This exciting action-adventure features some wonderful performances and an epic game of cat and mouse between the Nazis and the band of saboteurs charged with infiltrating their massive fortress. The film was a huge success grossing $29 million at the global box office on a budget of $6 million which was pretty hefty for the time.
10. Dunkirk (2017)
Acclaimed filmmaker Christopher Nolan takes the reigns in this World War II thriller about the evacuation of Allied troops from the French city of Dunkirk before Nazi forces can take hold. Tom Hardy, Kenneth Branagh, and Mark Rylance co-star, with longtime Nolan collaborator Hans Zimmer providing the all-important score. Released in 2017, Dunkirk is unique in that it portrays the evacuation from three perspectives: land, sea, and air. It features very little dialogue, as Nolan sought instead to create suspense from cinematography and music with the aid of Zimmer’s expertise.
A powerful and stunning film, Dunkirk would go on to receive eight Academy Award nominations including Best Picture and Best Director. The film received glowing reviews from critics with praise being given for the film’s screenplay, direction, musical score, and cinematography. Some critics have called Dunkirk Nolan’s best film to date and one of the best war films ever made.
9. Inglourious Basterds (2009)
How about some pure historical fiction on this list? Quentin Tarantino took from a lot of non-fiction source material to piece together another quality offering. Inglorious Basterds features classic Tarantino narrative, which is often disjointed, yet eventually fits together to offer great satisfaction. Brad Pitt leads a team of Jewish-American soldiers as a war party in the European campaign, hell-bent on finding Nazi soldiers and torturing them before killing them.
Using the winning formulas from films such as The Dirty Dozen, and the original (yet completely different) The Inglorious Bastards (1978), Quentin goes over-the-top in creating a lovable, yet disgusting villain, Col. Hans Landa (and consequently handing Christoph Waltz Hollywood superstardom). All the story elements come together in bloodlust fashion when the Basterds are able to deliver what accepted history never could: a violent end to the madman known as Adolf Hitler.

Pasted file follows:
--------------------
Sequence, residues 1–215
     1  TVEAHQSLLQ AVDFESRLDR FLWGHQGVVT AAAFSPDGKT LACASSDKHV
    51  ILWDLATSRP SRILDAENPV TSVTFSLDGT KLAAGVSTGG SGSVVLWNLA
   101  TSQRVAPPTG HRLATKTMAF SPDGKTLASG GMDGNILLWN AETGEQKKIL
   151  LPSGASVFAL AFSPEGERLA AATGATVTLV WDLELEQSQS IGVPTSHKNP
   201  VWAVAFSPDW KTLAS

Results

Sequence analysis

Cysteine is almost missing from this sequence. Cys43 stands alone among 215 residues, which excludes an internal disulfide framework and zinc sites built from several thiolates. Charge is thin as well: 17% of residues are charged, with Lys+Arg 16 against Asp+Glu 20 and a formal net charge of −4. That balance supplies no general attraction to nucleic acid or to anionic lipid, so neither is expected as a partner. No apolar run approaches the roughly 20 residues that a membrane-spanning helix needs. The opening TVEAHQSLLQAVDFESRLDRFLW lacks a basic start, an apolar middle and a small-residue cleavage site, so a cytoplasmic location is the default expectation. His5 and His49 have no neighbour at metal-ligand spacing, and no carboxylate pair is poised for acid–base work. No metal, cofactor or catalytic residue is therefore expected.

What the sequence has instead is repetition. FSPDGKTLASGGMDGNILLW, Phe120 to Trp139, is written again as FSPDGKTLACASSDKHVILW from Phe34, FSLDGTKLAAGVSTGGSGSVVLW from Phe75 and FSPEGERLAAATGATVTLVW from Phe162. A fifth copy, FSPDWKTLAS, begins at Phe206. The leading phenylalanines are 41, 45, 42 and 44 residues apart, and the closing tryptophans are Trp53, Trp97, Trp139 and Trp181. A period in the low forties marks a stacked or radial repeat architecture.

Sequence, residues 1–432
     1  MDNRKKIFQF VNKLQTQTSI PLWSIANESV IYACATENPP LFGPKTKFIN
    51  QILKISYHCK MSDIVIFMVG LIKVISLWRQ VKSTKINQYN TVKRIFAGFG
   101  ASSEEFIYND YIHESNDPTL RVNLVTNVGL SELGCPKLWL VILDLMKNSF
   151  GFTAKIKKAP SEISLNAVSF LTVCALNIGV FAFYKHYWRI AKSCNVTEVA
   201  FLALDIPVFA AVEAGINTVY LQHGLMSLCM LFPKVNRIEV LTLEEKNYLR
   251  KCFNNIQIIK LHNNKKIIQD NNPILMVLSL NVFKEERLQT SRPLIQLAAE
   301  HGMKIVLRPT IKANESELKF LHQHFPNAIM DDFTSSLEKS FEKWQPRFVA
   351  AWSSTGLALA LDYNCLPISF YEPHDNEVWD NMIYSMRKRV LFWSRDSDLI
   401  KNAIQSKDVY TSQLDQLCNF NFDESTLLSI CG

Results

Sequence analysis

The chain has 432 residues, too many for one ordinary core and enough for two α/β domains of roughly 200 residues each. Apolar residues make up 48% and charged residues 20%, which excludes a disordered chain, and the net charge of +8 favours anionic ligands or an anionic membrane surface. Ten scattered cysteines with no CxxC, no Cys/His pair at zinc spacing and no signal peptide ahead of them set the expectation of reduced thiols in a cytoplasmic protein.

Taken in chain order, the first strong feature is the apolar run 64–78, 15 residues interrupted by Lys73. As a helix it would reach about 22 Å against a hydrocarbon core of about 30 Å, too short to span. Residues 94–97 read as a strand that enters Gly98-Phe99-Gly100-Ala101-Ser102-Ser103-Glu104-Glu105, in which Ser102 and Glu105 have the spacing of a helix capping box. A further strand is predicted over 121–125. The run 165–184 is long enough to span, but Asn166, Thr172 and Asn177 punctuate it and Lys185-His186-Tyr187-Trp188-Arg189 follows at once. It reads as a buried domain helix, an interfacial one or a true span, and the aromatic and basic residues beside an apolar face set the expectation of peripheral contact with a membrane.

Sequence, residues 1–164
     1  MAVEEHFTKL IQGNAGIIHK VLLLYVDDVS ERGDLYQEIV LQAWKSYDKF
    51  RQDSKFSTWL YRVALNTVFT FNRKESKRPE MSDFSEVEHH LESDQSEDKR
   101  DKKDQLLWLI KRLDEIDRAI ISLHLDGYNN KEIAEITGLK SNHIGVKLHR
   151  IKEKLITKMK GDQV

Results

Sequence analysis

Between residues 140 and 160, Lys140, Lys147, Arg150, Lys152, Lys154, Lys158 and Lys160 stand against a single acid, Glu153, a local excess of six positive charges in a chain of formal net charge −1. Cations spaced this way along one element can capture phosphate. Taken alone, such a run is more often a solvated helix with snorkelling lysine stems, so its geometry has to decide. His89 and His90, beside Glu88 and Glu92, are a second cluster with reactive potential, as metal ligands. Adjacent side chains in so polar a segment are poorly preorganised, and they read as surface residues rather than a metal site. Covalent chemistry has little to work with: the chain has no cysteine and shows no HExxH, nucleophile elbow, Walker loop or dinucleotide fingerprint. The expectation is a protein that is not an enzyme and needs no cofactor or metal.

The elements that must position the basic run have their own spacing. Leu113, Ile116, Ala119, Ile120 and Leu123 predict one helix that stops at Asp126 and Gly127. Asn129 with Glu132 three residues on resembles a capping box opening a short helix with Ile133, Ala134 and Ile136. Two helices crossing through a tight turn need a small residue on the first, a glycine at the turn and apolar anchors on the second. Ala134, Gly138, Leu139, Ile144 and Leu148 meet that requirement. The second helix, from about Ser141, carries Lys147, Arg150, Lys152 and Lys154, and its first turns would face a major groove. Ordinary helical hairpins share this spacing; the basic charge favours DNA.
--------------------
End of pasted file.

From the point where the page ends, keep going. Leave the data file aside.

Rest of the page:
8. The Great Escape (1963)
The Great Escape is three hours well spent. That may sound like a real grind for a film made in 1963, but every minute is needed to present the plan, the plants, the execution and the payoff. And it does pay off. The film, starring screen legends Steve McQueen and James Garner, holds up with relative beauty, and the story is near impossible to beat. Take a group of WWII POWs and tell them they’re in an inescapable camp, and what’s going to happen? Challenge accepted.
The chemistry between the cast members in this film would make any 2016 director envious. The actors enjoyed an immediate rapport and competitiveness that translated to the screen. There is a tremendous amount of comedy in the first two acts of the film, and the third really delivers on the action and adventure front—a film that offers a little something to everyone.
7. Letters From Iwo Jima (2006)
It’s hard to mention Letters From Iwo Jima without addressing Flags of Our Fathers. The two films tell the same story from opposing perspectives. Clint Eastwood offered a consistent tonality to the world he created in both of these films and did an honorable job telling the stories of soldiers on both sides of the line within the Pacific campaign. There was something very special about Letters From Iwo Jima as it offered a humanity to the enemy that had never been captured well in a film before it.
It’s tough to point fingers at the young men who fought the wars of dictatorial rulers, especially when these individuals were born into honor-shame cultures. In such an environment, patriotism and nationalism go hand-in-hand with existence. And how could Eastwood go wrong casting Ken Watanabe as the commanding General Kuribayashi? That guy can do anything.
6. The Bridge on the River Kwai (1957)
You have to appreciate these films that were in production within a decade of WWII’s end. The Bridge on the River Kwai was all George Lucas needed to see to know Alec Guinness was his man for Obi-Wan (Ben) Kenobi. When it came to commanding attention while on screen, Guinness was a gift to audience members. In Bridge on the River Kwai Guinness plays Colonel Nicholson, a British POW in a Japanese prisoner camp, who is commanded to lead his fellow prisoners to build a railroad bridge over a nearby river to service the Burma-Siam railroad.